Some books surprise and this one is no exception. Whether he is writing about an exchange of words in a Grimsby fish shop that trigger unexpectedly an account of the journeys of Sir Ranulph Fiennes, a romantic relationship that is described in terms of a tennis match or the hushed wonder of discovering great crested newts under a lifted log, Malcolm Carson has a way of enthralling us with his delivery.
Malcolm Carson neatly catches our attention in the first poem of his new collection Route Choice. ‘Bookmark’ is based on the rather familiar device of memory triggered by a rediscovered photograph. From a book that has long been
left quiet and unbothered, out slips a photo of myself, my sister, long since lost.
I like the passing thought that a book might be bothered by being taken down from a shelf; but more disturbing is the subtle suggestion that it might be the sister herself – rather than merely her picture – who is destined subsequently to be lost.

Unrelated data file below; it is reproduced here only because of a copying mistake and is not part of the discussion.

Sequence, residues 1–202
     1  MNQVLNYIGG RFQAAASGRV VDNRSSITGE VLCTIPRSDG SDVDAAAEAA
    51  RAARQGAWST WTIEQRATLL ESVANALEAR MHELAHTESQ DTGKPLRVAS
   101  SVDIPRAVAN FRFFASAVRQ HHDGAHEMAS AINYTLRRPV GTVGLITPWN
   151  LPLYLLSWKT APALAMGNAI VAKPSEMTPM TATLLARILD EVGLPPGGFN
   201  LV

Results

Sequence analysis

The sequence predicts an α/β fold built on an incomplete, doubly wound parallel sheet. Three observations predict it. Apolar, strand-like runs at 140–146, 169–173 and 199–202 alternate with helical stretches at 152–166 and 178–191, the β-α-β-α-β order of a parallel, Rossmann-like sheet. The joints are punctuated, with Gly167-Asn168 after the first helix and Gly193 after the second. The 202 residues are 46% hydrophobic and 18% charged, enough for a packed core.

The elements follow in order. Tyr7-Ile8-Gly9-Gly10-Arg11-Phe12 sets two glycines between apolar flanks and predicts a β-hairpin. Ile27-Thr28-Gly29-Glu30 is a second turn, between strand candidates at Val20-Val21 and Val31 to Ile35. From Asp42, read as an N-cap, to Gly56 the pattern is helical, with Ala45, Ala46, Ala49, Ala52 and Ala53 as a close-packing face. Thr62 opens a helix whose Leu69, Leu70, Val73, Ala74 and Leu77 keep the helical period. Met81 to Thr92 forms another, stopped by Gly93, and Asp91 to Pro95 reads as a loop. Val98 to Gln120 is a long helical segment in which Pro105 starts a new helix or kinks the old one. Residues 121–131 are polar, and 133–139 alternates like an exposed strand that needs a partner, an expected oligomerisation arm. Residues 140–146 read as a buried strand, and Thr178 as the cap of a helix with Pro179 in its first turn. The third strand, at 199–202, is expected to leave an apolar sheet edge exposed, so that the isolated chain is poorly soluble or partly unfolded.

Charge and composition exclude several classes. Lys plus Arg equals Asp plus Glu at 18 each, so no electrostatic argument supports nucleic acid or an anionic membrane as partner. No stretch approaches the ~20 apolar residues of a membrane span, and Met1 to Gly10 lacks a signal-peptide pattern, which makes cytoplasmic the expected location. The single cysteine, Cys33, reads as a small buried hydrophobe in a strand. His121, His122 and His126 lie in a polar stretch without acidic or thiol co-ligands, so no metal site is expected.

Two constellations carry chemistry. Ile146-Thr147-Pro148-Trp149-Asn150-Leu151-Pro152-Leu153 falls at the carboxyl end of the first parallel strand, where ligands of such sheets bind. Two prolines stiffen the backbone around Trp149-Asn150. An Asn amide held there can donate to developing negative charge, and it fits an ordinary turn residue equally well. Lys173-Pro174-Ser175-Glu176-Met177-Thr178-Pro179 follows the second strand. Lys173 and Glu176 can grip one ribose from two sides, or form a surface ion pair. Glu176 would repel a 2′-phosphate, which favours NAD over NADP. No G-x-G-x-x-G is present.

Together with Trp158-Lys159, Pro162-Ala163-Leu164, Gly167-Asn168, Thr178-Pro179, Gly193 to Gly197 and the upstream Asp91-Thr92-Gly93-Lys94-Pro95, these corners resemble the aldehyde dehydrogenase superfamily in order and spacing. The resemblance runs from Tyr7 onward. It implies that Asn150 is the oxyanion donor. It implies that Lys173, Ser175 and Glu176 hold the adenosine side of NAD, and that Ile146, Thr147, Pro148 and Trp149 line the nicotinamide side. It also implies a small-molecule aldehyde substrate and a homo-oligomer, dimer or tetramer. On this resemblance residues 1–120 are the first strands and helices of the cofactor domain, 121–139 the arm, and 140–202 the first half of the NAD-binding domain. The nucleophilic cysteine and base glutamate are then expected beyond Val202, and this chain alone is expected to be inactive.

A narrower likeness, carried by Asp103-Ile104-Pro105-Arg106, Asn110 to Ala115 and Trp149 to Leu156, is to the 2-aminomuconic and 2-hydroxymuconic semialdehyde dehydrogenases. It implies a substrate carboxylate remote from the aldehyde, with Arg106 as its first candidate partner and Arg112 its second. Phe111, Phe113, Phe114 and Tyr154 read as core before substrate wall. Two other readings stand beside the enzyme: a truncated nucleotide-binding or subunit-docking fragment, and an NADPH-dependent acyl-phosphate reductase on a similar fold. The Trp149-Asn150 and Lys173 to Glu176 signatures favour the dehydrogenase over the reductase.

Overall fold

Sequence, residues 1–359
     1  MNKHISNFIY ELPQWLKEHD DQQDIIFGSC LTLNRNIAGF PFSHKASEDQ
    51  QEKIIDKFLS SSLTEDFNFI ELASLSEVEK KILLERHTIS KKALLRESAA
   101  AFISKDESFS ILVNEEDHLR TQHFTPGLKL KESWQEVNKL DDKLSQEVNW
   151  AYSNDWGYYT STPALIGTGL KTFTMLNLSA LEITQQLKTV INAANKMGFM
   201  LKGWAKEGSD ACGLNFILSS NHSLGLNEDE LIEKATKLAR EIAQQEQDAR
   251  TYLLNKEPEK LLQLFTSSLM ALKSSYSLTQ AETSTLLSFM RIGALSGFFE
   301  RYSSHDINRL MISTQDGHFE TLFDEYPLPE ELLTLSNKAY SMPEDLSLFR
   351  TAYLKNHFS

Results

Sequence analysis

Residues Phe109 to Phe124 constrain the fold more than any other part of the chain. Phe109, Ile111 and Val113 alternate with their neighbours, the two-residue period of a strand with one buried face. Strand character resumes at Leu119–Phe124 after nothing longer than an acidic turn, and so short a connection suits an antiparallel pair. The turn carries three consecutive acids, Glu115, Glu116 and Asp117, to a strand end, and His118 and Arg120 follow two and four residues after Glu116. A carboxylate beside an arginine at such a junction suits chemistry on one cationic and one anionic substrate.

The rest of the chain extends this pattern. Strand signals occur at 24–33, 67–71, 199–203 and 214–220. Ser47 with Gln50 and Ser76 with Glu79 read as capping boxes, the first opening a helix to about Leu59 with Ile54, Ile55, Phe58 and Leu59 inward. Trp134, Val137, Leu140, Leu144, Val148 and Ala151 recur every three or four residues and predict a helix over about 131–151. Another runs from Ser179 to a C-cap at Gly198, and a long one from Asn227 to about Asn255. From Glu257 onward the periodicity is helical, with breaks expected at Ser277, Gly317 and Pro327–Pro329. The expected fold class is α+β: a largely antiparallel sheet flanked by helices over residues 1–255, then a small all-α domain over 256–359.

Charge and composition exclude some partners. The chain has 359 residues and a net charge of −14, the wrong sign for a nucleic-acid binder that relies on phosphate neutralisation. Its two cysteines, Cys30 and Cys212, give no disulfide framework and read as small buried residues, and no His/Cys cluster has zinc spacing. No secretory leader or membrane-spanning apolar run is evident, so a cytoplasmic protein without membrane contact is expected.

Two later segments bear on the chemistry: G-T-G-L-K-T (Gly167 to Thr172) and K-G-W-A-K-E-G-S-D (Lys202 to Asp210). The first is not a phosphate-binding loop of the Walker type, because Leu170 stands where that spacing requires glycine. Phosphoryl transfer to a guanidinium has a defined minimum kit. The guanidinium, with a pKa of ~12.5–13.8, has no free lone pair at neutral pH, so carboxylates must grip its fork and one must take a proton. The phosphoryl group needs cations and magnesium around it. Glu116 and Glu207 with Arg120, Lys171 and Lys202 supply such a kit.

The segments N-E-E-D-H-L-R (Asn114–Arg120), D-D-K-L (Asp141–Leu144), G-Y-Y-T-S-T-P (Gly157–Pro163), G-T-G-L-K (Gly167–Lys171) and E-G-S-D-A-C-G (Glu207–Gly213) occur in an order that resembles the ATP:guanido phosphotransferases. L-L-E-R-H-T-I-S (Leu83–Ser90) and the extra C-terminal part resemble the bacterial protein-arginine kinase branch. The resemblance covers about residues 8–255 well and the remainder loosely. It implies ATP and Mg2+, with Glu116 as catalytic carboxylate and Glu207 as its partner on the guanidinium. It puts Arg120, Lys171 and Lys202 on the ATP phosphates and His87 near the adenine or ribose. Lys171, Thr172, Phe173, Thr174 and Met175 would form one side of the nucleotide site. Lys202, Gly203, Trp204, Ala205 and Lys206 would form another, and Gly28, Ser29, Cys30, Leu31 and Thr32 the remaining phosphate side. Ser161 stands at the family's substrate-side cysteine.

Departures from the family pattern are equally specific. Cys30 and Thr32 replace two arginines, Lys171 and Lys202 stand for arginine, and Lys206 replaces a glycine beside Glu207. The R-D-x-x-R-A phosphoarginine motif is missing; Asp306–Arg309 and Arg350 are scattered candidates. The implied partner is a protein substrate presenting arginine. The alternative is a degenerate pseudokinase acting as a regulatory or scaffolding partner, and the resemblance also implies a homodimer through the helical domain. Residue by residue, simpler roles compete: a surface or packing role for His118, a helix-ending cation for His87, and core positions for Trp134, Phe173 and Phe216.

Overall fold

“This collection ticks most boxes for me. Constantly engaging, in subject and language.... The collection’s title poem is explained midway through the Nepalese trek section. Rarefied that may seem, but Carson takes me with him as ever. This is another fine collection from Shoestring. Read it.” David Ashbee, South
“There’s a world going on in Carson’s imagination here, and he has skill both to populate it with vocabulary...that shows how much he inhabits that world. At the same time, he doesn’t overly interpose himself between the reader and the thing he imagines.” Ian Pople, The Warwick Review
“Musical, resigned, sensuous… So persuasive is Carson’s voice.” Nigel Jarrett, Acumen
“Malcolm Carson’s poetry is precise, observant, finely crafted. The poetry is a gathering of life, put away carefully for winter, just like that stack of dried kindling in Nepal. And, like dried kindling, it is ready to burst into a vivid flame.” Steven Matthews, Cumberland News (read the full review)
“Malcolm Carson's Breccia is a find… It suggests a kind of modesty and yet solidity at the same time… The voice is strong, the language sensuously enacts what is described… His themes are those of loss and gain in an ever-changing world, the limits of knowledge and remembering, the making of order from disorder and of how disorder can make a nonsense of our attempts to control the world about us… you should be able to tell that this is very much my kind of book. Anyone who likes reading fine poems will think so too.” Matt Simpson, Stride (read the full review)